Mandela’s father died of lung disease when he was 12 years old, drastically altering his life. Chief Jongintaba Dalindyebo, the acting regent of the Thembu people, adopted Mandela as a favor to Mandela’s father, who had recommended Jongintaba be made chief years before.
Mandela then left his carefree life in Qunu, fearing he would never see his village again. He drove to Mqhekezweni, Thembuland’s provincial capital, to the chief’s royal residence. Though he had not forgotten his beloved village of Qunu, he quickly adapted to Mqhekezweni’s new, more sophisticated surroundings.
Mandela was given the same status and responsibilities as the regent’s other two children, Justice, his son and oldest child, and Nomafu, his daughter. Mandela attended a one-room school near the palace, where he studied English, Xhosa, history, and geography.
Mandela developed an interest in African history during this period, thanks to elder chiefs who visited the Great Palace on official business. He discovered how the Africans had lived in relative peace until the arrival of the white people.
According to the elders, the children of South Africa used to live as brothers, but white men shattered that bond. While black men shared their land, air, and water with white people, white men took control of all of these resources.
Mandela was 16 when he underwent the traditional African circumcision ritual to mark his transition into manhood. Circumcision was more than just a surgical procedure; it was an elaborate ritual in preparation for manhood.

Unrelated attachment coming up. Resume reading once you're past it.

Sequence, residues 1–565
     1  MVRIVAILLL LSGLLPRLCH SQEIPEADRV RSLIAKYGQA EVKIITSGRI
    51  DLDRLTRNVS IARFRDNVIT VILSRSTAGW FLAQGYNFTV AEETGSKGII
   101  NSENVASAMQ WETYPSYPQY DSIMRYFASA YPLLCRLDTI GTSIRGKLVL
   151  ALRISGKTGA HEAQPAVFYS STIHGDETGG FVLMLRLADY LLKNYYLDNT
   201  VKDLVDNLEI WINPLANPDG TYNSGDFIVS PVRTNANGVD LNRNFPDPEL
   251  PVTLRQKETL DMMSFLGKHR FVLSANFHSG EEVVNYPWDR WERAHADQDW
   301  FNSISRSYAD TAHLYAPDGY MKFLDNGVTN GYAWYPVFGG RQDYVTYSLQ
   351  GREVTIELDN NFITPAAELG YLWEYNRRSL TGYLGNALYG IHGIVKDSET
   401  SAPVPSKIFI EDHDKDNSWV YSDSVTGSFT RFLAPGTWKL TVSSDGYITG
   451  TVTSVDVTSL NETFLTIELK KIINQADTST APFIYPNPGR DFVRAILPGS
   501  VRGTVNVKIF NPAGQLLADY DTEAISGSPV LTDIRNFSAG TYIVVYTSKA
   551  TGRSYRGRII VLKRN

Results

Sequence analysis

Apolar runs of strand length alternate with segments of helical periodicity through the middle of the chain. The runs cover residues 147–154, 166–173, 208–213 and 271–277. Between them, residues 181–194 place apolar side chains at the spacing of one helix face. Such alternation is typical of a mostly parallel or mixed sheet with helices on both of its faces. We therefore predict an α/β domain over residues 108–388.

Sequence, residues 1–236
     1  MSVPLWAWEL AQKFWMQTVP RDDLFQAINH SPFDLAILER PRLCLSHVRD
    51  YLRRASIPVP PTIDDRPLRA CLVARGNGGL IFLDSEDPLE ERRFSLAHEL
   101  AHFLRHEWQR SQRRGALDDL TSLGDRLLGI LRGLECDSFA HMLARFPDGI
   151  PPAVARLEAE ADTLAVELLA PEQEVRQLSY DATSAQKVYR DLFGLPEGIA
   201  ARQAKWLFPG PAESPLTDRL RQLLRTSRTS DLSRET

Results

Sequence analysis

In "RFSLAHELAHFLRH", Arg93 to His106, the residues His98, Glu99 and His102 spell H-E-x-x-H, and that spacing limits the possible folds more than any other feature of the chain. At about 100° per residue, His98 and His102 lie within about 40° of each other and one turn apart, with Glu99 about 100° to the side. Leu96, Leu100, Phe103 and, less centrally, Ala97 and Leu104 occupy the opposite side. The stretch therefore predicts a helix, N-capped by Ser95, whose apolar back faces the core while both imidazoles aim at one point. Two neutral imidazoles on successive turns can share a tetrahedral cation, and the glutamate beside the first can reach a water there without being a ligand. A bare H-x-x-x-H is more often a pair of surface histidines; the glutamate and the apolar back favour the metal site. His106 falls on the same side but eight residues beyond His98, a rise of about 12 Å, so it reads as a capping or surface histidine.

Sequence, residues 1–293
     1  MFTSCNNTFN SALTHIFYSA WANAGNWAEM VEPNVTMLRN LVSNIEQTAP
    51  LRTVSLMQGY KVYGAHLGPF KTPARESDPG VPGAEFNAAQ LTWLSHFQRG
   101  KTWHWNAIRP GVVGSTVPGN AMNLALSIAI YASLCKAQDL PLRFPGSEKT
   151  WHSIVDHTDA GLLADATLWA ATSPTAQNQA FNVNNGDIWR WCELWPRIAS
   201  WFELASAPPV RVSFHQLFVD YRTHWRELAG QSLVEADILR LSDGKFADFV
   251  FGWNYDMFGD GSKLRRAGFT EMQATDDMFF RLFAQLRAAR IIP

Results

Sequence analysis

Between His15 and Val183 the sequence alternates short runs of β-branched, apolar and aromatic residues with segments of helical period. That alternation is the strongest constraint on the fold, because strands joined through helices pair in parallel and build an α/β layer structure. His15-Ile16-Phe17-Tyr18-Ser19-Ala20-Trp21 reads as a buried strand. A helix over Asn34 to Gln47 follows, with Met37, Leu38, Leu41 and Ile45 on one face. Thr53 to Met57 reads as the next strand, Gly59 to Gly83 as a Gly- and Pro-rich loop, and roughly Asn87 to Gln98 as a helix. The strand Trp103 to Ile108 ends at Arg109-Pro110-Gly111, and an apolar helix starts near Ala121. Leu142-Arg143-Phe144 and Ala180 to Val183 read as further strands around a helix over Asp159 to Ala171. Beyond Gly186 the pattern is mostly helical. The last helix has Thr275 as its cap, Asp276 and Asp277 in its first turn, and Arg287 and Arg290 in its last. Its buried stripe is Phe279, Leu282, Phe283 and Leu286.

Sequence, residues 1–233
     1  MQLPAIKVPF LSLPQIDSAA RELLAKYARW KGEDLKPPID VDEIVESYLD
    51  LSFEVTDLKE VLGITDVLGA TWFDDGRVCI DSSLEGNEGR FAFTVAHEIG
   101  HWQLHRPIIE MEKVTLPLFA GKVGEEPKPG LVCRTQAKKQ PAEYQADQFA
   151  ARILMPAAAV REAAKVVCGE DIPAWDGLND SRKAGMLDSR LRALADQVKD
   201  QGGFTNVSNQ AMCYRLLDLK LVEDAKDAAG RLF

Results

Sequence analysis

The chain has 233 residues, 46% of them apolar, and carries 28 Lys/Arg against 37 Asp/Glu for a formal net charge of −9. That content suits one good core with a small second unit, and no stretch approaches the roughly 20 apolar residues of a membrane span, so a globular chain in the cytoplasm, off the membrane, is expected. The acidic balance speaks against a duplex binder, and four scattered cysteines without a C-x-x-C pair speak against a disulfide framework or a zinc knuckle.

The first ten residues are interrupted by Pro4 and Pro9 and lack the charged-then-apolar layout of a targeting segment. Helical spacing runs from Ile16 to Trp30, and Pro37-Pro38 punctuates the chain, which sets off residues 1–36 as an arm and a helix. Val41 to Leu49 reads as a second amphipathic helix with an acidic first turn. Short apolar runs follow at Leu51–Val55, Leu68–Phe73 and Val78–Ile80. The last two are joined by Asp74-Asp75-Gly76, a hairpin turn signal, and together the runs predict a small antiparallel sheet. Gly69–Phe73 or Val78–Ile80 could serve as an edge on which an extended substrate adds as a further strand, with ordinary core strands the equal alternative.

An uncircumcised man cannot inherit his father’s wealth, marry, or officiate at tribal rituals, according to African tradition. Mandela took part in the ceremony alongside 25 other young men. He welcomed the chance to participate in his people’s traditions and felt prepared to make the transition from boyhood to manhood.
However, his mood changed during the ceremony when Chief Meligqili, the main speaker, spoke sadly of the young men, explaining that they were enslaved in their own country. The chief claimed that because their land was controlled by white men, they would never be able to govern themselves.
He went on to say that the young men’s promise would be squandered as they struggled to make a living and performed mindless chores for white men. Mandela would later say that while the chief’s words didn’t make complete sense to him at the time, they helped shape his determination for an independent South Africa.
Mandela was groomed for high office under the guardianship of Regent Jongintaba, not as a chief, but as a counselor to one. Mandela attended a Wesleyan mission school, the Clarkebury Boarding Institute, and Wesleyan College as Thembu royalty, where he later stated that he achieved academic success through “plain hard work.”
He was also very good at track and boxing. Mandela was initially mocked by his Wesleyan classmates as a “country boy,” but he eventually became friends with several students, including Mathona, his first female friend.